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BY Paul Provost, M. Sc., National Coordinator, Environmental Protection Programs
With all the effort and sacrifice involved, who would start a diet to lose weight without weighing themselves first? It is difficult to set a realistic goal without a reasonable idea of the starting point. And how else would we keep measuring our progress? Similarly, to determine whether a program to reduce the amount of waste going to landfill has achieved its objectives, it makes sense to weigh what we throw out!
Although the practice of estimating the volume of waste is a common one, it does not give a very reliable or accurate measurement because factors like the degree of compaction of the waste can change the figures without any real reduction in quantity. To assess the progress attributable to institutional recycling or composting programs, we need ways of assessing how much weight our garbage bags have lost. The Quebec Region has introduced an innovative approach based on a simple but reliable technology: a portable scale for garbage trucks.
The 2003 edition of the Sustainable Development Strategy (SDS) set the target for reducing the amount of solid waste disposed of in landfills at 1.3 kg/occupant/day by March 2007, which is a 20 per cent reduction relative to the reference year (2000), when waste landfilled was estimated at 1.6 kg/occupant/day for all of CSC. The ambitious target of 0.6 kg/occupant/day set in SDS 1997 was moderated to 1.0 kg/occupant/day in SDS 2000.
Certainly, over the past decade, we have seen how difficult it is at the corporate level to reduce the amount of trash we produce. We must also acknowledge that waste management is something that holds little interest for the average person. Despite the initial enthusiastic response to the implementation of institutional recovery and recycling programs, maintaining the measures introduced has proven particularly demanding over time. Composting projects are equally complex and have also proven quite challenging to support, specifically because of the low costs generally associated with landfilling waste in Canada.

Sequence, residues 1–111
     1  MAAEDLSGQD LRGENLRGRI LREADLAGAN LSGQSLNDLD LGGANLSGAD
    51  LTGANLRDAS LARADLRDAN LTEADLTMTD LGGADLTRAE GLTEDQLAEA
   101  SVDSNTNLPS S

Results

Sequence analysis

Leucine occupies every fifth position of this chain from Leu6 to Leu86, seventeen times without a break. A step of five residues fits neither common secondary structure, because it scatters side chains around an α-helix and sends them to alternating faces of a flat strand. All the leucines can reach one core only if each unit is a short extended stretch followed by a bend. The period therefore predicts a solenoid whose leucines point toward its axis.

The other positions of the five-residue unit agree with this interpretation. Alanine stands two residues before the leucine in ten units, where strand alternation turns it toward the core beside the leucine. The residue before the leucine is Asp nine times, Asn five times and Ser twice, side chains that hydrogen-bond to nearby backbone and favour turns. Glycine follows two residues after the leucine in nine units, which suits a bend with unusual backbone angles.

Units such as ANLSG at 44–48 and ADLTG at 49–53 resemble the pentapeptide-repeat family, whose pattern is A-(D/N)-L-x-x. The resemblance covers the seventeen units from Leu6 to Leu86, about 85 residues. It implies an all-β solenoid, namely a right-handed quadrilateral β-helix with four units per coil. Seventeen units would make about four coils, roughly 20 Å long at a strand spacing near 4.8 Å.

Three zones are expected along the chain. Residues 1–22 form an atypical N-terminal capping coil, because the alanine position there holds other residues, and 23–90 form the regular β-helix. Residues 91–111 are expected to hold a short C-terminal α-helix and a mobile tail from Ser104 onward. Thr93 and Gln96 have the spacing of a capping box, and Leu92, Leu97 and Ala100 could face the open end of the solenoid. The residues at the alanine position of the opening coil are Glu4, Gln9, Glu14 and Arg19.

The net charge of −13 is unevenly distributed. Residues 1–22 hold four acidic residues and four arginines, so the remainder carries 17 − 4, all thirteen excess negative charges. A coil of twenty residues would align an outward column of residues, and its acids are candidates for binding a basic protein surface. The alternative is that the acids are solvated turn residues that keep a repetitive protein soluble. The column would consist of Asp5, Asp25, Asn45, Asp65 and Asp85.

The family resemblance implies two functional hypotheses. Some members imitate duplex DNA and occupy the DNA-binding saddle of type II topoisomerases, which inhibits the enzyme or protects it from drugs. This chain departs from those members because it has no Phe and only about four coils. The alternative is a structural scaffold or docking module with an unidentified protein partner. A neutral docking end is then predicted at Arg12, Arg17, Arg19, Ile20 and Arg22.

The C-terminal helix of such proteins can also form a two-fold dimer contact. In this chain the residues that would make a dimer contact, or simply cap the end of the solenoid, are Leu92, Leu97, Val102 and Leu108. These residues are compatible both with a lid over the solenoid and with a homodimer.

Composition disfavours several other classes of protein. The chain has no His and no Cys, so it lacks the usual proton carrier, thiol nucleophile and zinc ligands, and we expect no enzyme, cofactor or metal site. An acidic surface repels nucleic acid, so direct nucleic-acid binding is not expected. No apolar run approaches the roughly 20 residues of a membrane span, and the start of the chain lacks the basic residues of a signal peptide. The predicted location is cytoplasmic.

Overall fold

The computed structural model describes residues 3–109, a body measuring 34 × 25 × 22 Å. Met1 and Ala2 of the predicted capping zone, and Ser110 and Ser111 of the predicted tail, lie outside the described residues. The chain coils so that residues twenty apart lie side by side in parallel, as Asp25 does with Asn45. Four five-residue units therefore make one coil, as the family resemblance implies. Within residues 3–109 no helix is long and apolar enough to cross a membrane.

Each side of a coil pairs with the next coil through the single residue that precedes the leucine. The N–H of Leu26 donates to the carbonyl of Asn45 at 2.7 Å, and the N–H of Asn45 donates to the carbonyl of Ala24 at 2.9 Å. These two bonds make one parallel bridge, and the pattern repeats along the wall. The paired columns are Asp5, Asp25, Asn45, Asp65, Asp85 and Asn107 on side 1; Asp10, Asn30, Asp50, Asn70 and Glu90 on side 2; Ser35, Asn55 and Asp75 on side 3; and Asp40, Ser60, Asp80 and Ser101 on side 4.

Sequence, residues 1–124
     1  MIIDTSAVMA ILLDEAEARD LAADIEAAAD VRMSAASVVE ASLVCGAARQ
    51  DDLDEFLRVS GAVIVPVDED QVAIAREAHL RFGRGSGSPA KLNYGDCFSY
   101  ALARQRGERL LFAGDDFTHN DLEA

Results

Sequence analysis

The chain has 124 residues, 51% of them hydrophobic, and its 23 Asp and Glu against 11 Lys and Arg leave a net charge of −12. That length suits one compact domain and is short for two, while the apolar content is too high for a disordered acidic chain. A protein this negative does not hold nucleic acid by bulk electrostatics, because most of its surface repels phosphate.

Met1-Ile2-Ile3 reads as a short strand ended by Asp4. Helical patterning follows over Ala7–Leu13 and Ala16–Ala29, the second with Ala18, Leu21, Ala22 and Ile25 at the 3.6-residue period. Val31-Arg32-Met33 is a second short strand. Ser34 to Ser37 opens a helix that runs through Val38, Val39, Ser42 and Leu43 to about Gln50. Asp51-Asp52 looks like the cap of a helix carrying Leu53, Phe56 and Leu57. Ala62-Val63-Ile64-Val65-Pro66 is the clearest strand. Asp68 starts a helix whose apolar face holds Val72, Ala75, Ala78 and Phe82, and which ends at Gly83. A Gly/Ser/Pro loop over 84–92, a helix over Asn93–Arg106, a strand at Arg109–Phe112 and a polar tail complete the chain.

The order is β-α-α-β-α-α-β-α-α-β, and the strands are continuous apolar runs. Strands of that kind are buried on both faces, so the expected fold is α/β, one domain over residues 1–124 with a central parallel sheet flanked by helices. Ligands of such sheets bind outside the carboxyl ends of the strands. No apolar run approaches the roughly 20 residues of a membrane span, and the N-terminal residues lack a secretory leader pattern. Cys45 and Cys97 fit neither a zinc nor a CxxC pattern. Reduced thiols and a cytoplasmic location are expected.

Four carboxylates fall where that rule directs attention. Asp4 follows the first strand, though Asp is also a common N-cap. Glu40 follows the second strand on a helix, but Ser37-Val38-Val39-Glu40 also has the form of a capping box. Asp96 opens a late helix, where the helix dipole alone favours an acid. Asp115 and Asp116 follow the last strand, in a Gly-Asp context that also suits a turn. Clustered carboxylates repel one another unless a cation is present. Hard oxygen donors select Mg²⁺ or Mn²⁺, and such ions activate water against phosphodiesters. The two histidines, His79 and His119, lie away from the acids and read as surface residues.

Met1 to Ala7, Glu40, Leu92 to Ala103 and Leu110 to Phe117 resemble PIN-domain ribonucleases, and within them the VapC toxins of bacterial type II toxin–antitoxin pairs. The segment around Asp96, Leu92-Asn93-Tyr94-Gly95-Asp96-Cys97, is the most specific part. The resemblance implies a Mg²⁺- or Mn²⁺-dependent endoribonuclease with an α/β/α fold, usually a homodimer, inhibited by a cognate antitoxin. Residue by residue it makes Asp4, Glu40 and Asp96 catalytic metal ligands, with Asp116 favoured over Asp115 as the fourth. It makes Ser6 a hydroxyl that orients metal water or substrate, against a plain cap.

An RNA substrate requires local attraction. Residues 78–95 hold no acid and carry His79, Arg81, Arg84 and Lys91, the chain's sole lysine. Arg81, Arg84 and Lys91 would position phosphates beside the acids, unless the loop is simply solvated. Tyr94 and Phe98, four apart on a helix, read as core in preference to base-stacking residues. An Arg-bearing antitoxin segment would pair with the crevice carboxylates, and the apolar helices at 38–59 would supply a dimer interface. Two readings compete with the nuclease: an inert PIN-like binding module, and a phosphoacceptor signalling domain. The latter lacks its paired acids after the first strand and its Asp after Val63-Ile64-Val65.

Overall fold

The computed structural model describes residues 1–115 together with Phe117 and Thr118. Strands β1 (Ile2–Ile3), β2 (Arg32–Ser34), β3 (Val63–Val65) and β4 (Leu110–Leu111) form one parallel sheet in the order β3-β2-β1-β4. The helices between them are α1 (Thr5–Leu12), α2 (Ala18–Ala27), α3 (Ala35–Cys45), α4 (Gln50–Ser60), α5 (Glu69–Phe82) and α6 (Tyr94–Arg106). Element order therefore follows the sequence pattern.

So why the insistence on reducing the amount of waste going to landfill sites? The first reason is an environmental one: landfilling waste creates contaminated sites, pollutes groundwater (and eventually surface water) and releases greenhouse gases (GHGs) that contribute to climate change. The next reason is an economic one: recycling waste is generally far less expensive than using virgin materials; it also conserves energy (thereby indirectly reducing other sources of GHGs), water and a disproportionate quantity of natural and in some cases non-renewable resources.
Decisions and actions based on meter readings of water, electricity, oil and natural gas can help us get on the right track and manage our progress in the area of water and energy conservation. But, as far as solid waste is concerned, we just need a way to measure it with a certain degree of accuracy. In this regard, some institutions have used their waste disposal contracts to require contractors to weigh waste on a fixed basis. Others have opted instead to conduct waste audits, and Regional Technical Services (RTS) for Quebec Region has suggested the use of a portable scale that can be moved from institution to institution to weigh garbage trucks on a regular basis. Under the supervision of the regional environment team, the project got under way in the fall of 2005, to the great satisfaction of the institutions that have been obliged to introduce a waste measurement system to meet the accountability criteria associated with this environmental target.
Finally, although it may seem strange to have to weigh our waste, it is important to remember that lack of knowledge breeds uncertainty. The time has come to consolidate the solid waste reduction achievements of CSC and back them up with statistics. The environment concerns us all and future initiatives demand that we take this approach. Otherwise, we will never have an accurate idea of our corporate performance. ♦